More recently I have had some super memorable moments – one being the day I wrote this post. I recently decided I will be leaving my current ward (cue tears because I seriously love my ward so damn much) to work in the cath lab back home in Cairns to save some money. I was thinking about a patient who I’ve looked after multiple times and grown very close to – hoping that she’d come by the ward one day before I left. I was also just hoping that I’d see her as an outpatient, because last time she was on my ward, let’s just say it wasn’t looking good. So today I was running around trying to organise all these things for my patients when I look down the corridor and see her – in plain clothes, looking healthy and happy. We gave each other the biggest hug and had a lovely catch up before she had an appointment to go to and I told her I had decided to leave to save money and go on my adventure (her and I had discussed my potential travel plans many times). On her way back through she came back past to say good bye. I almost cried. She almost cried. But we kept our heads up and no tears came out because that was her attitude about life – it’s all about appreciating the good things and keeping your head up in the tough times. I don’t think I’ll ever forget that moment and I truly hope to see her again, happy and healthy and not in our ugly hospital gowns.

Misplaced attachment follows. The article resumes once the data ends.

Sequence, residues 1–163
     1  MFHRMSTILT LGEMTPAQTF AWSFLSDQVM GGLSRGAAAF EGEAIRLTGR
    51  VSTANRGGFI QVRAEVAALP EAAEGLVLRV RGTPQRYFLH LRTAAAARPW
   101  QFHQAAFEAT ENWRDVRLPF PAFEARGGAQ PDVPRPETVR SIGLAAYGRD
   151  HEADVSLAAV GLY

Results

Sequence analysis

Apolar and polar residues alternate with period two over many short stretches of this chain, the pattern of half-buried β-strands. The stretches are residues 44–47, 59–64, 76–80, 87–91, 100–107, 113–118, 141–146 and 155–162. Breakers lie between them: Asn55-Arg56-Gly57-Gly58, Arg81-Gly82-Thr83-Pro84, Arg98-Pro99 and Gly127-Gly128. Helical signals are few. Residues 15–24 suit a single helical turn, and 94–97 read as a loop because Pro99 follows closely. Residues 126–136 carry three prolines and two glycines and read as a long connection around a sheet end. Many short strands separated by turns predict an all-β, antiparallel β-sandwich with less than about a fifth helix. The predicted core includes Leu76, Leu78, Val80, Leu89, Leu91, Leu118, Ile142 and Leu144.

Now enough of story time, I’ll share a couple of little tips I have for new grads before I wrap this little series up.
I know everyone will say this but it’s soooooo important and will make or break your grad year:
You are going to be nervous, make mistakes, not know the answer, be late to a shift, think you’re on a PM when you’re on an AM, make more mistakes – but you have to not be so hard on yourself. It’s easier said than done, yes. BUT! The more you just accept that everyone starts somewhere, and you basically are still a student for the first few weeks, you will have a much better time. I really struggled with this at the start – and was very hard on myself, but after a few weeks I realised I was learning a lot as I went, therefore, I knew more than I thought as every day went by, so it was totally okay.
A few rapid-fire tips:
And I think that’s about all! I still can’t believe my grad year is over – I still get those feelings/thoughts like I don’t know enough/what I’m doing/why anyone trusted me to have unwell patients… But at the end of the day, I finish each shift knowing that I made a difference in someone’s life and that’s what it’s all about.
I am genuinely so excited for you if you’re nearing the end of your nursing degree or about to start your grad year – this is such an exciting time for you!
As always, I’m always happy to answer questions so feel free to contact me here or through Instagram.
Endless love and appreciation,
Happy Little Human